EMA Gets Tough on Conflicts of Interest - Pharmaceutical Technology

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EMA Gets Tough on Conflicts of Interest

ePT--the Electronic Newsletter of Pharmaceutical Technology

The Management Board of the European Medicines Agency (EMA) has introduced a range of new measures to strengthen and extend its conflicts of interest (COI) policy for scientific-committee members and experts, as well as for members of the management board.

Taking into account the last 6 months’ experience, the EMA's policy include measures to clarify involvement in academic trials and publically funded R&D initiatives, as well as to align risk and related restrictions for the different roles in the scientific decision process and to tighten rules on grants from the pharmaceutical industry. The new policy also outlines specific restrictions for board members, such as preventing members from participating in discussions and decision making.

Additional measures to support quality assurance were also agreed upon, including the introduction of a breach of trust procedure for incomplete or incorrect declarations of interest and retrospective cross-checking of COI declarations and risk-mitigation measures.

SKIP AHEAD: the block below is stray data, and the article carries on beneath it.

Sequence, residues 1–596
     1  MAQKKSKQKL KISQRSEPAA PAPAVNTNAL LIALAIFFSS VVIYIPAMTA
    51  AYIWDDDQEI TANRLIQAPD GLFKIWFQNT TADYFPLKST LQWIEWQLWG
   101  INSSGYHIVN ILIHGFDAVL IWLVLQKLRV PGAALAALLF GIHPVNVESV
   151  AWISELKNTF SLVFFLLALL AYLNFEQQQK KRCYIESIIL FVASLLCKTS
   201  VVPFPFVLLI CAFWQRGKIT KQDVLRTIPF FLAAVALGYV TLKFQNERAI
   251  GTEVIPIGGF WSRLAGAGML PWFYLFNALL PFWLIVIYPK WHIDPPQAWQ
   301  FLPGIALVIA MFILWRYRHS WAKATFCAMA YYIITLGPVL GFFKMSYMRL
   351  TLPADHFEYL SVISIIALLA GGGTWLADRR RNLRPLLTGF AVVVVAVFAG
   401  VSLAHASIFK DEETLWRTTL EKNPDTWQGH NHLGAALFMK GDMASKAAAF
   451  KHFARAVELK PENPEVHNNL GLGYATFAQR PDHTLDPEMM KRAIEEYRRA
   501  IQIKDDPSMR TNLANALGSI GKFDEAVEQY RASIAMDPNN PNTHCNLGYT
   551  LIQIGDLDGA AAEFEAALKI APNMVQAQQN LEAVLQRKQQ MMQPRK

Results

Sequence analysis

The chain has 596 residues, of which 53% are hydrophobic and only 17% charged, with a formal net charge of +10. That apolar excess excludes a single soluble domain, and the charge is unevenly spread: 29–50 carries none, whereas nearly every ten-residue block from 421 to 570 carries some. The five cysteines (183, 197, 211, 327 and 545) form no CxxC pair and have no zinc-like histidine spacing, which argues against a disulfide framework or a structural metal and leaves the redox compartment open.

The new policy enters into force immediately and replaces the previous rules, which had been in effect since September 2011.

“Since taking up the leadership of the European Medicines Agency in November, one of my main focuses has been on strengthening the ways the Agency deals with conflicts of interests and transparency,” the Agency’s executive director Guido Rasi said in a statement. “These issues will continue to be a major focus of the Agency’s work over the months and years to come.”


In a press statement released last week about the new policy, the agency also reported on initiatives to improve transparency. In response to the Europe’s new pharmacovigilance legislation, which will have a significant impact on transparency issues for national authorities, the EMA will enhance the transparency of its processes and procedures by:

  • Publishing agendas, recommendations, opinions, and minutes from its scientific committees, including the Pharmacovigilance and Risk Assessment Committee (PRAC), the human medicines Coordination Group, and the Committee for Medicinal Products for Human Use
  • Engaging with the public on safety issues through public hearings, simultaneously ensuring consistent safety messages across Europe
  • Preparing a paper on rules of procedure for the organization and conduct of public hearings. The paper will be discussed by PRAC at its inaugural meeting on July 19–20, 2012.


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